Edema induced by zymosan

Edema was induced by subcutaneous injection of 2.5% w/v zymosan A dissolved into saline solution (NaCl 0.9% w/v) into the dorsal surface of the right hind paw (20 μL per paw). Paw volume was measured three times before and at different time points (1, 2, 3, 4, 24, 48, and 72 hours) after the injections, and edema was measured using a hydroplethysmometer to monitor paw volume modification. An increase in paw volume was used to demonstrate the development of edema in treated animals (Ugo Basile, Comerio, Italy, unpublished data). F1, F1AG, F3, F3AG, and free AG (1% w/v) in solution were subcutaneously administered to the dorsal surface of the mouse paw (40 μL per paw) 30 or 120 minutes before injection of zymosan A. The increase in paw volume was measured as the difference in percentage between the paw volume at different time points and the basal paw volume.33

Nociception induced by formalin

Subcutaneous injection of formalin solution (1% w/v) into the hind paw (20 μL per paw) induces nociceptive responses (eg, licking and/or biting the injected paw) in mice. Both behaviors indicate the degree of pain experienced by the animals. Before this test, the mice were placed in a Plexiglas observation cage (30 × 14 × 12 cm) one hour before administration of formalin to allow acclimation, and after administration of formalin, the total time (seconds) that each animal spent licking or biting its paw was recorded during the early and late phase of formalin-induced nociception.34 F1, F1AG, F3, F3AG, and free AG 1% w/v solution were subcutaneously injected into the dorsal surface of the mouse paw (40 μL per paw) 30 or 120 minutes before administration of formalin.

Statistical analysis

The data are expressed as the average ± standard error of the mean of three different experiments. The statistical significance of data from the in vitro studies was tested using the t-test; two-way analysis of variance testing followed by Bonferroni’s post hoc comparisons was used to evaluate the statistical significance of data from the edema experiments, while one-way analysis of variance followed by Dunnett’s multiple comparison test was used to evaluate the statistical significance of data from both the early phase and the late phase of the formalin test. Data has been considered statistically significant for P<0.05 (*P<0.05; **P<0.01; ***P<0.001).

Results

Characterization and physical stability of NSVs

The thin-layer evaporation method was used to prepare NSVs29,34 containing different molar ratios of Tween 20, cholesterol, and CHEMS, as shown in Table 1. Surfactant, cholesterol, and cholesterol derivatives were self-assembled to obtain pH-sensitive NSVs.8,3539 The different molar ratio of compounds herein reported improves the stability of NSVs and provides suitable nanocarriers for in vitro and in vivo administration. Freeze-fracture microscopy analysis demonstrated that presence of the drug does not modify the morphology or supramolecular structure of NSVs (Figure 1). These results are in agreement with those obtained by dynamic light scattering analysis and demonstrate that NSVs have a suitable size and shape for potential administration in vitro and in vivo. The physicochemical features of NSVs were modified by loading of AG inside the aqueous compartment (Table 2). The average size and polydispersity index were increased by entrapping AG, while the zeta potential values were not affected by the drug (Table 2). Turbiscan Lab Expert analysis demonstrated the long-term stability of NSVs (Figure S1). The positive or negative profile of ΔBS was below 2% compared with the reference threshold and overlapped the baseline during the full-scale range of detection (Figure 2). No significant variation in ΔBS occurred during analysis of NSVs prepared using Tween 20 and cholesterol or Tween 20, cholesterol, and CHEMS (Figure 2). The ΔBS overlapped in both formulations during analysis (Figure 2). Additionally, the entrapment of AG inside NSVs did not modify the stability of the colloidal nanotherapeutics (Figure 2). Assembling of CHEMS and/or cholesterol into the NSVs does not alter their anisotropy.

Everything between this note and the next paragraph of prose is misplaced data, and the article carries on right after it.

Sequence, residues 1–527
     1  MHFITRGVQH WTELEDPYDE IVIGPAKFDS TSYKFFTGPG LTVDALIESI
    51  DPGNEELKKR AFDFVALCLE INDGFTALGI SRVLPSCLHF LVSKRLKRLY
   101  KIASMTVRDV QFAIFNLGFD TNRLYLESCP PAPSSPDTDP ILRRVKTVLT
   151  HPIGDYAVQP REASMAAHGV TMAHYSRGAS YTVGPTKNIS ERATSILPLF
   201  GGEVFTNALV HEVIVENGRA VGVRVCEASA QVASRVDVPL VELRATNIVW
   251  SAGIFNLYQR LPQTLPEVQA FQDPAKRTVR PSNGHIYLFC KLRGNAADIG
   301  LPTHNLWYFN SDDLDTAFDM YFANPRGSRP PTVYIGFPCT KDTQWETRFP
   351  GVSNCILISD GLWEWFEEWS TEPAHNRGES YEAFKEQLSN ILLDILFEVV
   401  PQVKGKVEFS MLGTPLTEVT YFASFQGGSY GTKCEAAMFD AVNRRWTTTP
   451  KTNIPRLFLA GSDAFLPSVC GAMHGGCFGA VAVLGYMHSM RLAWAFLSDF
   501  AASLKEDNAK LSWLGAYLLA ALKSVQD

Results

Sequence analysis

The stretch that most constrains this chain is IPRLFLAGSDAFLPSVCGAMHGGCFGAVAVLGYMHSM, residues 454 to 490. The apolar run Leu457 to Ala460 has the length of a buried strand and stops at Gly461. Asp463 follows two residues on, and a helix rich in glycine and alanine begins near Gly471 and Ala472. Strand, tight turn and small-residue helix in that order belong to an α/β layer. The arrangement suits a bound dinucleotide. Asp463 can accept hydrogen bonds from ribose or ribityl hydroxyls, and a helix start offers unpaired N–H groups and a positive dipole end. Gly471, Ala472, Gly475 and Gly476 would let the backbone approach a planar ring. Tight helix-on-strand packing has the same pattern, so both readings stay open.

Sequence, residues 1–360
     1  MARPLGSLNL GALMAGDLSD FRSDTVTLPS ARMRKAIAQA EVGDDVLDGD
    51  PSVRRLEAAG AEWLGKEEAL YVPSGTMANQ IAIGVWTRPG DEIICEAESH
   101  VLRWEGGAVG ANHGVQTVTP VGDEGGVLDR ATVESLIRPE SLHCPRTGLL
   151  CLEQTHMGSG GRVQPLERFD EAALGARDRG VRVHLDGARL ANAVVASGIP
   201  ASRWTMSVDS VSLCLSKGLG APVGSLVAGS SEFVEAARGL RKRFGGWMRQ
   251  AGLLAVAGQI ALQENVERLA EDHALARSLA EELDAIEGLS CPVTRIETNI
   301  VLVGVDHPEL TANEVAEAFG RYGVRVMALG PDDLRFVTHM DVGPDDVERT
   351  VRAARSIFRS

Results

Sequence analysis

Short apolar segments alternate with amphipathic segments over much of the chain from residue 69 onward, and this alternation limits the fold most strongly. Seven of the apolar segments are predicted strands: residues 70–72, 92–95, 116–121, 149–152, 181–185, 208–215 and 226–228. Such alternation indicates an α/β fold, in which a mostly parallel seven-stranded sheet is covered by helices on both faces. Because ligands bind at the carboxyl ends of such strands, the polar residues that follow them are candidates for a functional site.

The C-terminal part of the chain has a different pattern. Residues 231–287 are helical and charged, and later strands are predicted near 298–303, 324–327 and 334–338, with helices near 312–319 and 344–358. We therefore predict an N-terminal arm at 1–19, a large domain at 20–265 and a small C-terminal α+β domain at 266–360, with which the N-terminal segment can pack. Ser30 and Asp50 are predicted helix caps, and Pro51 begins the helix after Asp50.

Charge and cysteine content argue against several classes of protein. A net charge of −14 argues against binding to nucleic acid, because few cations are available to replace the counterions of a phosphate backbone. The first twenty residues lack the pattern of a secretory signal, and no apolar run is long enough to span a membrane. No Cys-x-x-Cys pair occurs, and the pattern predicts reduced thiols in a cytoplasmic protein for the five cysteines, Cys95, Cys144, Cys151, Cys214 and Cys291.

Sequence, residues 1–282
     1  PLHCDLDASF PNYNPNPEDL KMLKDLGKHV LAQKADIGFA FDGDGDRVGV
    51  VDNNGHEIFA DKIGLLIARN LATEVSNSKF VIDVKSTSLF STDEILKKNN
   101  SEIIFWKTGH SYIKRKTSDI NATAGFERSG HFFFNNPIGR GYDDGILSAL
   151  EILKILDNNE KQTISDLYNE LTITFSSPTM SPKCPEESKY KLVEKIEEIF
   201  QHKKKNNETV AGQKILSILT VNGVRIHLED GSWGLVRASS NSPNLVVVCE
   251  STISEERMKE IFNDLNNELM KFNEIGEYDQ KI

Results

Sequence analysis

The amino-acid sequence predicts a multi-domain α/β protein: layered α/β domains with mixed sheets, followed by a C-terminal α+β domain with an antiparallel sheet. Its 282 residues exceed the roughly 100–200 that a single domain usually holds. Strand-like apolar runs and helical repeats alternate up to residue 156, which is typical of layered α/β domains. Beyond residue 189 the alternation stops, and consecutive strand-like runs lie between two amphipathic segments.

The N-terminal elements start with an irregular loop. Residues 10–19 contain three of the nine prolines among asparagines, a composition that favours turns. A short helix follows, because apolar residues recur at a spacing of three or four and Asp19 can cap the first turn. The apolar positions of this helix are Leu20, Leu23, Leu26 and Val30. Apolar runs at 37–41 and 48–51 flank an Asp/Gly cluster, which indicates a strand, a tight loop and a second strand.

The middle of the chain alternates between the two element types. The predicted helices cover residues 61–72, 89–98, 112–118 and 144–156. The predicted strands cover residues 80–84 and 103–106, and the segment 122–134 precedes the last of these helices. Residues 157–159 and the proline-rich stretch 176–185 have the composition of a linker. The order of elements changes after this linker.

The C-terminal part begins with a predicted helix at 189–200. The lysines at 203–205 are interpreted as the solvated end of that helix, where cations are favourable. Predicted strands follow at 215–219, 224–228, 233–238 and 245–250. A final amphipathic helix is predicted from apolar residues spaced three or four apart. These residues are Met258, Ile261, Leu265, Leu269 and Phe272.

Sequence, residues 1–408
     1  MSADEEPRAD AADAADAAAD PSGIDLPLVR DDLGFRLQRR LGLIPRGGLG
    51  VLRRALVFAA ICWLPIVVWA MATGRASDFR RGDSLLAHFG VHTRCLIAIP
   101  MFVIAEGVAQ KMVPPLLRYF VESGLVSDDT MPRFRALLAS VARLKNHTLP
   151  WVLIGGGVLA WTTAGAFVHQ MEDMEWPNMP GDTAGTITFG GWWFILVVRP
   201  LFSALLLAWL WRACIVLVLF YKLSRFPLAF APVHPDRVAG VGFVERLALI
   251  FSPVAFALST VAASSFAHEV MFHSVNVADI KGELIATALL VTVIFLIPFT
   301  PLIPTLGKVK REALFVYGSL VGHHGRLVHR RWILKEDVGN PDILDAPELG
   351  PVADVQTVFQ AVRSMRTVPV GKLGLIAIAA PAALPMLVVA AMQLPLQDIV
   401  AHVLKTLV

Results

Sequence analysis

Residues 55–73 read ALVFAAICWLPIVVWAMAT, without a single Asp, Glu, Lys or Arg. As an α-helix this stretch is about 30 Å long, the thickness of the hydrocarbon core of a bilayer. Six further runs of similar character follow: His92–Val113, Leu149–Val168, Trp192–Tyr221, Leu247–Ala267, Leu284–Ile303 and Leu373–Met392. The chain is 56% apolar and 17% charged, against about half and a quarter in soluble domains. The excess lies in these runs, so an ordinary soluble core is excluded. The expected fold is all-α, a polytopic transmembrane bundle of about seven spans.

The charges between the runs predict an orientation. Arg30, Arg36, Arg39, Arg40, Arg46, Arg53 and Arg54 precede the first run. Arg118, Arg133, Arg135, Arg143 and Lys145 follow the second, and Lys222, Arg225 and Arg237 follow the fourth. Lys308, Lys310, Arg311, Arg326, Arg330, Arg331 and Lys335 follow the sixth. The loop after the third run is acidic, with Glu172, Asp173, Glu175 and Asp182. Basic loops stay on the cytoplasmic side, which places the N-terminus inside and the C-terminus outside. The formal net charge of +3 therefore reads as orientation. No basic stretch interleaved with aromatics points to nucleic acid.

Figure 1 Transmission electron micrographs of nonionic surfactant vesicles after freeze-fracture. F1 (A), F1AG (B), F3 (C), and F3AG (D). Scale bars, 150 nm.

Table 2 Physicochemical characterization of nonionic surfactant vesicles
Note: The data represent the average ± standard error of the mean of different experiments.
Abbreviations: AG, monoammonium glycyrrhizinate solution (1% w/v); PDI, polydispersity index; EE, entrapment efficacy.

Figure 2 Niosomes on Turbiscan Lab® Expert. The ΔBS profile of nonionic surfactant vesicles was exported using Turbiscan EasySoft Converter. The data were previously collected using Turbiscan Lab® Expert software (Formulaction, L’Union, France). Samples were evaluated as a function of time (0–1 hour) and height of the samples (0–10 mm). Samples 5 mL in volume were run during the analysis. The Turbiscan EasySoft Converter allowed exporting and listing of the raw data into an Excel file. The exported data was then processed and the average ± standard error of the mean was calculated and represented graphically. The data shown are the average ± standard error of the mean of three different experiments.